Fiammetta is raw and rough around the edges, but after playing some special teams and watching Hoover, the master at the fullback position, Fiammetta will have an idea of what's expected of him. He's big-bodied, and can hit the gaps pretty hard. My biggest concern over him right now, is his ball handling skills and he needs to become a little more aware of his footing.
For the second year, the Panthers return one of the best running duos in the league, aptly named "Double Trouble." DeAngelo Williams had a fire lit under his feet on draft day, when the Panthers took Jonathan Stewart to be his replacement and No. 1 running back.
As fate would have it, a series of excellent events transpired, as Williams put up Pro Bowl caliber numbers, and the rookie Stewart, almost broke 1,000 yards rushing. Other than the potential for injury, there is nothing to really be concerned with in the Panthers' running game.
On the defensive side of the ball, there are a couple of question marks, but a lot of depth. The defensive backs, Julius Peppers, and the defensive line's run-stopping ability are questionable.
Jon Beason, who plays behind the defensive line as a linebacker, has performed solidly for the Panthers, statistically finishing second overall amongst the linebackers in the NFL, in his first two years on the Panthers defense.
However, his counterparts on the defensive line, while they are a force to be reckoned with, will have to penetrate some good offensive lines, especially in the NFC East, to make plays on the quarterback and to effectively be the first line of defense on opposing teams' running games.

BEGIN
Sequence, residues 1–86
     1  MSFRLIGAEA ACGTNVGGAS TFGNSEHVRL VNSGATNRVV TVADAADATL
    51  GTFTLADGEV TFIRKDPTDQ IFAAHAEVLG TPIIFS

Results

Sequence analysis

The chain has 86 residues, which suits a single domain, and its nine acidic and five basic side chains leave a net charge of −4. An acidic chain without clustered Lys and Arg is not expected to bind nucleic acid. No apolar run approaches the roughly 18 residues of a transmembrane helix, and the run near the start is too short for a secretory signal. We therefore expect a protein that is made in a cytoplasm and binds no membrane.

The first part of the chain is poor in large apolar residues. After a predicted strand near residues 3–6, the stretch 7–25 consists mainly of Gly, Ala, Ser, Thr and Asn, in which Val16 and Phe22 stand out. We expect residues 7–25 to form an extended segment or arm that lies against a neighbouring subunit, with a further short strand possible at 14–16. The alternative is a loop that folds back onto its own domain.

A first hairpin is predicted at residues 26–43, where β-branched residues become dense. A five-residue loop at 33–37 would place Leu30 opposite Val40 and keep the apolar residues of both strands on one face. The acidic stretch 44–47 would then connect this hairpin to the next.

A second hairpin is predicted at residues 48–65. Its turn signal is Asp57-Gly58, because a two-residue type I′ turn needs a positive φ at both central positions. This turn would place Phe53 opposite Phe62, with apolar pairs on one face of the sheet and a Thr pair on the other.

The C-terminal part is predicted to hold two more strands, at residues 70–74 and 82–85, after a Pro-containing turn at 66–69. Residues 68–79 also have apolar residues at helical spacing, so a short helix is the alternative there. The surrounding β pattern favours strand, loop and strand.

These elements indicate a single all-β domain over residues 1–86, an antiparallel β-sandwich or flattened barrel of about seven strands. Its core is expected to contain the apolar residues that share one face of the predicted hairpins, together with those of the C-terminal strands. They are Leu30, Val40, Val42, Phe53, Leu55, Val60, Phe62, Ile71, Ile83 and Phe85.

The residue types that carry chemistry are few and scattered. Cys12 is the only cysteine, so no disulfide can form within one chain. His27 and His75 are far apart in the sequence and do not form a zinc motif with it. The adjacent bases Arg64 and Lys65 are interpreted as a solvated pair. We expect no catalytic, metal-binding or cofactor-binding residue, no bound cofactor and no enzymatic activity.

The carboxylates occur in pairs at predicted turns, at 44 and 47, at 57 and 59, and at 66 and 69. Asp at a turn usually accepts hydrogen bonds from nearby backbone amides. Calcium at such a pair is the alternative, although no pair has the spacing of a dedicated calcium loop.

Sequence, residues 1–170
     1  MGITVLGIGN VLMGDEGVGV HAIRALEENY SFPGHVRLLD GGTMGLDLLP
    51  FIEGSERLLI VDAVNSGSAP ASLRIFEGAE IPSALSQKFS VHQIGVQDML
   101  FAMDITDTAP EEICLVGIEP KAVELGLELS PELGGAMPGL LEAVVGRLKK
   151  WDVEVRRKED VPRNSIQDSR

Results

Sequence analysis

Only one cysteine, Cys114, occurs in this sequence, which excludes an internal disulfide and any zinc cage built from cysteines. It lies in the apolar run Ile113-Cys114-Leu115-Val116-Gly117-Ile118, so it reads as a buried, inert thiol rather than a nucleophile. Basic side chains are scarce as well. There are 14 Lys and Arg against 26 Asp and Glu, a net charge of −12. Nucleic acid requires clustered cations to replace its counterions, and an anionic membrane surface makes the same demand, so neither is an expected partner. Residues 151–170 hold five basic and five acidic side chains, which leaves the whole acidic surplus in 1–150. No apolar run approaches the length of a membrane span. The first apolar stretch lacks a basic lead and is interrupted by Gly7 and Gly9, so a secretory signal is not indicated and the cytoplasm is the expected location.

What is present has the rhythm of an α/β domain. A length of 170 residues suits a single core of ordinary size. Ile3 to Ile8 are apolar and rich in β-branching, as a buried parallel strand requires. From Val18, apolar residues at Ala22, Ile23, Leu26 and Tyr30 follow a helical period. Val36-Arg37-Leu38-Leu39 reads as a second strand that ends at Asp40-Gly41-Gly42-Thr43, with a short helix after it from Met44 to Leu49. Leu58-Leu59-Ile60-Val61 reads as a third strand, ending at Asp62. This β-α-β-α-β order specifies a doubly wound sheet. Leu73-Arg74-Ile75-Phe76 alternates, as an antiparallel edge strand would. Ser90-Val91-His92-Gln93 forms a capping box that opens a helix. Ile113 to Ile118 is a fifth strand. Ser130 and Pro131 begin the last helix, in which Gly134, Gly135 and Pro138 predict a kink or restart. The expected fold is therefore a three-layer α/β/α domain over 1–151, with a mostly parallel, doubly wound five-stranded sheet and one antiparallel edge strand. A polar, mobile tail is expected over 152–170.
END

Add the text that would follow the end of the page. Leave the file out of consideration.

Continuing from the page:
Second year man Dan Connor has recovered well from a torn ACL sustained last year in the preseason, and should contribute greatly on special teams. But if new defensive coordinator Ron Meeks likes what he sees from Connor, there is potential that he could see some time in the starting lineup.
In the backfield, the Panthers are pretty well set at the safety position with Charles Godfrey and Chris Harris. Godfrey and Harris are both hard hitting and have big playmaking capabilities. With Harris, comes something else that isn't learned on the football field: Leadership.
The defensive backs look good, too. I was a little uncomfortable with the Panthers releasing Ken Lucas, but not totally against their decision, either. I've always liked Chris Gamble, and I've been eagerly awaiting the day that he would be given the opportunity to come out of Lucas' shadow on the depth chart.
That day is finally here, and he will be the the closest to a shutdown corner that the Panthers have had. He's fast, nimble, and has great hands. All big playmaking qualities.
Starting opposite Gamble will be Richard Marshall. Marshall is another solid threat at the corner position who brings big play capability with him, as well.
All-in-all, the Panthers look pretty well set to make a run at the playoffs and to repeat as division champions. However, Atlanta and New Orleans will be in the thick of that race as well, so the NFC South will be quite competitive, yet again.
I predict Carolina to finish with no less than 10 wins and decent potential to win the division in '09.
The Panthers start their training camp in Spartanburg, SC on the second of August. Practices are open to the public.
Carolina opens the preseason with a trip to the Meadowlands to face the New York Giants on Monday August 17 at 8 p.m.
Fan Fest will be Saturday August 8 at 11 a.m. at Bank of America Stadium.